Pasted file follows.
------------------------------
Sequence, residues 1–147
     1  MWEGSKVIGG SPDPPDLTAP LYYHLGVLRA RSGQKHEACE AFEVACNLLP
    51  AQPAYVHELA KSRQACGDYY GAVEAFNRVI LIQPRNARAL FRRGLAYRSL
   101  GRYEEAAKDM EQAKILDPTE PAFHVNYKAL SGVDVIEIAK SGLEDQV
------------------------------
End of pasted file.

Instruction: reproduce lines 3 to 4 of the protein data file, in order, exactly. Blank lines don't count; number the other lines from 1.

    51  AQPAYVHELA KSRQACGDYY GAVEAFNRVI LIQPRNARAL FRRGLAYRSL
   101  GRYEEAAKDM EQAKILDPTE PAFHVNYKAL SGVDVIEIAK SGLEDQV